Minor League Baseball is all about promotions. In particular, special themed jerseys are a time-honored and popular tradition. With the season right on the horizon, we take a look at what’s to come at minor league ballparks across the country.
This week the Tampa Bay Rays visited Cuba. So did President Obama. Bill Littlefield is encouraged.
Bringing your child to work is risky if you’re a Major League Baseball player. The controversy that has followed the disagreement between Adam LaRoche and the White Sox has demonstrated that. And probably bringing your child to work even if you’re not a Major League Baseball player can be dangerous, too.
Should players kids’ have unlimited access to the clubhouse? Is spring training dead? And is the NFLPA making the right move by attempting to strip Roger Goodell of his disciplinary powers? The Boston Globe’s Shira Springer and Craig Calcaterra of NBCSports.com join Bill for this week’s roundtable.
Last season, the MLB saw a 17.3 percent increase in home runs. The probability of that happening? Zero percent. Bill talks to Neil Greenberg, who writes about sports analytics for The Washington Post, about his attempts to explain this phenomenon.
With the Tampa Bay Rays announcing that they will hold a exhibition game in Cuba later this month, it might be time for Only A Game analyst Charlie Pierce to resurrect his dream of owning an MLB team in Havana. Bill and Charlie also review what some are calling the greatest baseball card discovery of all time and wonder if the Warriors will ever stop winning.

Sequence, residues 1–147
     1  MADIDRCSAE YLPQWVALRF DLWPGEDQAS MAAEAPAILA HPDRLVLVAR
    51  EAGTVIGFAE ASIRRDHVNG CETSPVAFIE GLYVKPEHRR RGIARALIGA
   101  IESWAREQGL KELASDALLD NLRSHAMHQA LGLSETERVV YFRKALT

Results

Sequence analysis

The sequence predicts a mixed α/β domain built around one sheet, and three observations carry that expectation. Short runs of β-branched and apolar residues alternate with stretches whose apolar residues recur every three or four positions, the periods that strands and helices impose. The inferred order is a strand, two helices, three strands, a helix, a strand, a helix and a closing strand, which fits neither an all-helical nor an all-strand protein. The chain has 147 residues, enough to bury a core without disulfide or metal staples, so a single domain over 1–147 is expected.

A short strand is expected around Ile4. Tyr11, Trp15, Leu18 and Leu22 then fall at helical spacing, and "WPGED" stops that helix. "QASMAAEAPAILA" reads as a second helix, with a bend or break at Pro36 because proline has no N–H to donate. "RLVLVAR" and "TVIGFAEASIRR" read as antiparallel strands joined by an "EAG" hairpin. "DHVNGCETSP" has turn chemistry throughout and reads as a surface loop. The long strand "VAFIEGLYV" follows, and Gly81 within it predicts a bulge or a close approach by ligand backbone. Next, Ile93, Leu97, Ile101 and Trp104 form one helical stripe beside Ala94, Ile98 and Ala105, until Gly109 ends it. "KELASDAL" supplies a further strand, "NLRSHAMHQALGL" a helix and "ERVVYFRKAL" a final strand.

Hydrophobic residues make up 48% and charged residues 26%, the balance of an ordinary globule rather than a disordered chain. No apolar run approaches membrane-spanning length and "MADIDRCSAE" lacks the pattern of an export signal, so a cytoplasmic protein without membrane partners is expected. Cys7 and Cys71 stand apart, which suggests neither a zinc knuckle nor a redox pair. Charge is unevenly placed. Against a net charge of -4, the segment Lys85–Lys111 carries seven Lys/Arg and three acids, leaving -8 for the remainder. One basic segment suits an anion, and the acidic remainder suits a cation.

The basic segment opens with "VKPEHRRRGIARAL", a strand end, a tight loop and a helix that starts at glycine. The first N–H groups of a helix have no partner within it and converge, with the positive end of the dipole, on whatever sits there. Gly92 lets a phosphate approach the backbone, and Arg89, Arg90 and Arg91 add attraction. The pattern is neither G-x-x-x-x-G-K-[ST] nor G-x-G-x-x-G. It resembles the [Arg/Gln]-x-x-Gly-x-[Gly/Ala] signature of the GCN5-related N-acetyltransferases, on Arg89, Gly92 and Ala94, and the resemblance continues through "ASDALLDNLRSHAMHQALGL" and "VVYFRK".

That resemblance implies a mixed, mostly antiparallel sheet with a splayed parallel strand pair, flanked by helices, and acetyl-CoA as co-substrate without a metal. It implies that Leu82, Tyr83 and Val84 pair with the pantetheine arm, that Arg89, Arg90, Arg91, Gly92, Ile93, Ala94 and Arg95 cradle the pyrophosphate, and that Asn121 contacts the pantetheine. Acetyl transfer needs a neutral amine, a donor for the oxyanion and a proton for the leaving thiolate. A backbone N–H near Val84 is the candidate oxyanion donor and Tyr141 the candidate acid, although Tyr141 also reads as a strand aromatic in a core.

Spring training has officially begun and that means one thing — baseball, and all of the craziness that comes with it, is back! From raccoons to fire-breathing Lamborghinis, here are the weirdest things that have happened thus far.
This week, minor league teams announced that they would be wearing jerseys celebrating characters from “Better Called Saul” and “Star Wars.” On a sports landscape too much given to self-important promotion, Bill Littlefield is glad there’s still a little room for the ridiculous.
If you say “poetry” and “baseball” to lots of people, they will think of Ernest Thayer’s doggerel “Casey at the Bat.” As players gather at spring training, Bill Littlefield takes the opportunity to embark on a literary examination of the historic poem.
During spring training, fans of every baseball team are inclined to be optimistic. This time around, Bill Littlefield is especially interested in fans of the Cubs.